Nuts are a quick and tasty snack that can give your diet a nutritional boost. Most supermarkets carry a variety of nuts in their shells. It can be a little messy to crack them open but a great experience for children* to see how nuts look when they grow on a tree. Along with a variety of vitamins and minerals, nuts contain beneficial unsaturated fats, protein, and fiber. Here is how different types of nuts compare by calories, fat, fiber and protein.
|Tree Nuts (1 oz.)||Serving Size||Calories||Fat (g)||Fiber (g)||Protein (g)|
|Almonds||20-23 whole nuts||163||14||3.5||6.0|
*Nuts can be a choking hazard and should not be fed to young children under the age of 4.
**Peanuts are technically a legume (a dried pea, bean, or lentil), but they are used like nuts and have a similar nutrient profile.
Nuts make a great snack that offers a delicious source of protein.
- Nuts in their shells will keep about 6 to 12 months if stored in a cool, dry place, but shelled nuts will keep only for 3 to 4 months.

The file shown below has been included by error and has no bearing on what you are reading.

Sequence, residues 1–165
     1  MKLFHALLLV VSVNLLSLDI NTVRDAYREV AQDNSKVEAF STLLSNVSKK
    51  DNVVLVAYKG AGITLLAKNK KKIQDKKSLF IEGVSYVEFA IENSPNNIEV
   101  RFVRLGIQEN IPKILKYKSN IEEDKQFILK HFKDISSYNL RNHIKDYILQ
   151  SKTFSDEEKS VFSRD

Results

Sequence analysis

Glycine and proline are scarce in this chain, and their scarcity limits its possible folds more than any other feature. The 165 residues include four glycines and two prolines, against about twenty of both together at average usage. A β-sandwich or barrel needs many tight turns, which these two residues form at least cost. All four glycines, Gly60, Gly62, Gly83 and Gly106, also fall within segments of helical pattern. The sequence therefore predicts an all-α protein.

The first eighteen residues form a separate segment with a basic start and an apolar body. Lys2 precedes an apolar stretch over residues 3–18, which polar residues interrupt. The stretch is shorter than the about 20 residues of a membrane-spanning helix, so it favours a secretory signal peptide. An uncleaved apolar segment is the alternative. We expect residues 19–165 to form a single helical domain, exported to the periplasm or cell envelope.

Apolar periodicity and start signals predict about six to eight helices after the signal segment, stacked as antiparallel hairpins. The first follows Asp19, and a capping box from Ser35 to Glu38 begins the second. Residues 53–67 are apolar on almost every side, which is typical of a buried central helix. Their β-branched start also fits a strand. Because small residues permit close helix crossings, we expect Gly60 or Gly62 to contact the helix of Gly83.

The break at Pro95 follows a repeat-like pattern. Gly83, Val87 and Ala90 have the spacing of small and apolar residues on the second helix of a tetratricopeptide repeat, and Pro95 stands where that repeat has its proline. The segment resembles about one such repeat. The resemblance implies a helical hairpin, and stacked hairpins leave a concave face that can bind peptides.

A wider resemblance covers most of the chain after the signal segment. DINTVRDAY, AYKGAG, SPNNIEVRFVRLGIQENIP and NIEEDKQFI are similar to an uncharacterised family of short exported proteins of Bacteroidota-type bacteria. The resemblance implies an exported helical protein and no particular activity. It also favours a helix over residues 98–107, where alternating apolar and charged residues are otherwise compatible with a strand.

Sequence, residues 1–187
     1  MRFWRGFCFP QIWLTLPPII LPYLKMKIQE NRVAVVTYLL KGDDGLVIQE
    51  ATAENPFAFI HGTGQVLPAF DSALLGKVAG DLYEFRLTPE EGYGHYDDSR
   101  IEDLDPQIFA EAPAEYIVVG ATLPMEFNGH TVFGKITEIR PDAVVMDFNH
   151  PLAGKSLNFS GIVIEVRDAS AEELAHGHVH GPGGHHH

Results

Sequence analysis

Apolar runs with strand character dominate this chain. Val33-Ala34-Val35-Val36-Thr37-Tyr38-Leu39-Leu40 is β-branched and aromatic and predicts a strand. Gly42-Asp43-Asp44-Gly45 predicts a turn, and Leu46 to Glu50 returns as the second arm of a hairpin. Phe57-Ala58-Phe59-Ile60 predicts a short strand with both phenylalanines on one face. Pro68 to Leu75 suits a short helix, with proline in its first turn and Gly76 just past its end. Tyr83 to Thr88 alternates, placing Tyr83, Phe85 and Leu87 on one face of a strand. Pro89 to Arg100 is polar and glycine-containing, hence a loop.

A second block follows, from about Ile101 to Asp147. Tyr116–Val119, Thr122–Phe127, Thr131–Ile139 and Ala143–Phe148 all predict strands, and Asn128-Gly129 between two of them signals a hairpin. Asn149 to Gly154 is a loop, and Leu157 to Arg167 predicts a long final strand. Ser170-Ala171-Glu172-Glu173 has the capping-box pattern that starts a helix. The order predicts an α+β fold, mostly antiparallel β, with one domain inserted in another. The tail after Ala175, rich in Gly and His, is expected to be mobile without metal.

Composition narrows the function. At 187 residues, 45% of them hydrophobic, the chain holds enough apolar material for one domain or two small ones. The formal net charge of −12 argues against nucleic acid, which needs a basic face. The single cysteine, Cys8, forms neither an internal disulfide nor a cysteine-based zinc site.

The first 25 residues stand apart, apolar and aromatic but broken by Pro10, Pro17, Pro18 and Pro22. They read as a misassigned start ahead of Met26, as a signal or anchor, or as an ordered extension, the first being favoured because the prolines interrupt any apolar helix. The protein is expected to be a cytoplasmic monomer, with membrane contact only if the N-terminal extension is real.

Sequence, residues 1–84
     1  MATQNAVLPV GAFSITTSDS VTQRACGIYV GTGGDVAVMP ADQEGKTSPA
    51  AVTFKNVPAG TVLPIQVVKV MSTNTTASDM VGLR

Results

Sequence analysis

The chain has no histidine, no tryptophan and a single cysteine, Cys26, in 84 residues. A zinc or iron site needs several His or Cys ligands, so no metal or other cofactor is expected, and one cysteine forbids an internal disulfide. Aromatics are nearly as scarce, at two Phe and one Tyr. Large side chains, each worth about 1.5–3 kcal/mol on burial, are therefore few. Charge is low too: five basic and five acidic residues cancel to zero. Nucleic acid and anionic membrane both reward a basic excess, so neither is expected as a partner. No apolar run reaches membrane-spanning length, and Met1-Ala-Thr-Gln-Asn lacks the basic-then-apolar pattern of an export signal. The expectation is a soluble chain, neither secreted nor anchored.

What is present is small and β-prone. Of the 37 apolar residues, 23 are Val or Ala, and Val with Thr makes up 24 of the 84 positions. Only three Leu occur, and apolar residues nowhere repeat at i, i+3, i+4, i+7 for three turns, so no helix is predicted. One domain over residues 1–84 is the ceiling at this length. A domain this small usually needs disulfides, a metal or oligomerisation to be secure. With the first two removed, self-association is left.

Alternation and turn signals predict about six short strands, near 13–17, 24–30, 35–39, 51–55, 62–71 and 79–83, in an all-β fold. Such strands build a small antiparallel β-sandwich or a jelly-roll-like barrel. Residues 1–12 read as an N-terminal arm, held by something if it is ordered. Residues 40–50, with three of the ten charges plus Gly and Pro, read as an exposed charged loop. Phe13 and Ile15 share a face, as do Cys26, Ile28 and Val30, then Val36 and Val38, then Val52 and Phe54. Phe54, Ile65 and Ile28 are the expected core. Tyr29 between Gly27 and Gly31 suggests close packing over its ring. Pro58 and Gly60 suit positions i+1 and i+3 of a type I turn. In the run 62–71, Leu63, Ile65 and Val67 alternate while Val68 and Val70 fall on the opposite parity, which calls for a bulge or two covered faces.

- Keeping nuts in the refrigerator or freezer slows rancidity or the development of off-flavors.
- Shop for unsalted or lightly salted varieties to maximize the nutritional value.
- Most nut butters are as nutritious as nuts themselves: almond butter, peanut butter, cashew butter, etc.
- Tree nuts and peanuts are on the list of the eight major allergens that must be listed on packaged foods sold in the U.S. For more information on food allergies, check out UNL’s Food Allergy Research & Resource Program
Additional resources from Nebraska Extension
Recipe ideas using nuts
Reducing the Risk of Choking in Young Children at Mealtime, United States Department of Agriculture (USDA)
FoodData Central, United States Department of Agriculture (USDA)
This article has been peer-reviewed.